In optically-pumped vertical-cavity semiconductor lasers in accordance with the present invention, layers of the quantum-well structure are formed from III-V alloys of the general composition InxGa(1−x)AsyP(1−y). For purposes of this description it is assumed that: x can be 0.0 and y equal to 1.0 (i.e, GaAs); y can be zero and x non-zero (i.e., InxGa(1−x)P; y can be 1.0 and x non-zero (i.e., InxGa(1−x)As); and x can be zero and y non-zero (i.e, GaAsyP(1−y)). Interchangeably, ternary and quaternary examples of the alloy system are written without suffices, for example InGaAsP or GaAsP, and composition implied by a desired stress (lattice constant) or wavelength (bandgap).
The use of the GaAs/AlGaAs system for mirror layers is retained. For this purpose the Al content of layers is not deemed problematical.
Mirror layers and layers of quantum-well structures in the inventive VCSEL's are deposited by molecular beam epitaxy (MBE). This method has been found particularly advantageous for forming InGaAsP materials, as the relatively low substrate temperature (compared to MOCVD) permits growth of compositions which would be precluded in MOCVD due to phase separation. This, as described further below, has been found advantageous in layer stress control.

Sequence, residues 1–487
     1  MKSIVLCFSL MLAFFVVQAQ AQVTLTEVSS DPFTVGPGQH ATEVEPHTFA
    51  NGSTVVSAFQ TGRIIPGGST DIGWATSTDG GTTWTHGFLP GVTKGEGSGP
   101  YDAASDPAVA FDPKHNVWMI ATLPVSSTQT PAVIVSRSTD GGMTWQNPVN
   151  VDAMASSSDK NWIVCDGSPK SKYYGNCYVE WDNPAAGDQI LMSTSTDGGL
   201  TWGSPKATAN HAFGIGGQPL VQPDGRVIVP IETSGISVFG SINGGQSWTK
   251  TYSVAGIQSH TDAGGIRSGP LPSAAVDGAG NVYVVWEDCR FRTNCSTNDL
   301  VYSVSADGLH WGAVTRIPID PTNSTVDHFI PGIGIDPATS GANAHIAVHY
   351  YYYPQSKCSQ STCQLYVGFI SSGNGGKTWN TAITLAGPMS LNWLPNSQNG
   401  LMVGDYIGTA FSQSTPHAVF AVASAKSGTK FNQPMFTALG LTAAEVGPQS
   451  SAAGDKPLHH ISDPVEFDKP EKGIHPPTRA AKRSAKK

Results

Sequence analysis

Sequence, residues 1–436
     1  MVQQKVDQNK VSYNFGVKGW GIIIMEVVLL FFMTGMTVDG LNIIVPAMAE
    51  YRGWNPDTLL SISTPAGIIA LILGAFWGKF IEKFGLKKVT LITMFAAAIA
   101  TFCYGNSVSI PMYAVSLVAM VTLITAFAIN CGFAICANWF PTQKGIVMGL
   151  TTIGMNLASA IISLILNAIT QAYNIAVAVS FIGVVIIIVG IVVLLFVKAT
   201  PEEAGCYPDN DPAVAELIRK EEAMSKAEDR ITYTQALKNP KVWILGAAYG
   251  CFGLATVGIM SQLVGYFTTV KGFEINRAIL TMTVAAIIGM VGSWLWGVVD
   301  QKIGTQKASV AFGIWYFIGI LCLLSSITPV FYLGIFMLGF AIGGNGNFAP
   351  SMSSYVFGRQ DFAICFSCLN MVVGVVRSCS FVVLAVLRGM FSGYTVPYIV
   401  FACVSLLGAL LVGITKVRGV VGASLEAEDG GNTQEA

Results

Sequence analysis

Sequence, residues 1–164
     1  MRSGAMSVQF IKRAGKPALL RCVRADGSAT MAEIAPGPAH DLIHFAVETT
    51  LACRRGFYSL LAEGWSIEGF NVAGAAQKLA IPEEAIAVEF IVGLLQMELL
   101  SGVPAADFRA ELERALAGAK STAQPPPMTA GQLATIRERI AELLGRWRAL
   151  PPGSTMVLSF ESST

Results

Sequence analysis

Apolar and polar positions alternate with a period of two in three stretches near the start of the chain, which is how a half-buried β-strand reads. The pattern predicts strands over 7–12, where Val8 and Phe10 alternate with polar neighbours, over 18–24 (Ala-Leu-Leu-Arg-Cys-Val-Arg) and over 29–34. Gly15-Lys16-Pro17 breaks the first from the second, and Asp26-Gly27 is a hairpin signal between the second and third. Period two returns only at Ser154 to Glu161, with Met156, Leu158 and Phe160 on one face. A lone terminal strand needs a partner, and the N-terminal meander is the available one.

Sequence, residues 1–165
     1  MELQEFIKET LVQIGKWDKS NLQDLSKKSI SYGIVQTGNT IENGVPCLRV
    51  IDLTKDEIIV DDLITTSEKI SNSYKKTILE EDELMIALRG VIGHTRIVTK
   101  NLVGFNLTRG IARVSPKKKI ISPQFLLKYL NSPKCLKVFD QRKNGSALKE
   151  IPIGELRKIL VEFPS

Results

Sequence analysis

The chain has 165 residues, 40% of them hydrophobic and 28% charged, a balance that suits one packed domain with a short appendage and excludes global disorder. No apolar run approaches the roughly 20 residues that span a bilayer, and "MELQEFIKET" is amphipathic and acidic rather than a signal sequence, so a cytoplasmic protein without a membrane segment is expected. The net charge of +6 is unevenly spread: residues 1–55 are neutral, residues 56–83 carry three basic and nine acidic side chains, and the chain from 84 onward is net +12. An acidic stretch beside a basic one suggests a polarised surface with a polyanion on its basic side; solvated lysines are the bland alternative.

Referring now to FIG. 2, exemplary construction details in one preferred embodiment 12A of chip 12 of laser 10 are illustrated. This preferred embodiment, is designed to be pumped by radiation having a wavelength of about 808 nm and provide laser emission at a wavelength of 976 nm. Semiconductor layers of mirror 14 and a quantum-well structure 16A are grown on a GaAs substrate (wafer) 40 having a buffer-layer 42 grown thereon for promoting epitaxy. For purposes of this description, buffer-layer 42 can be considered part of the substrate.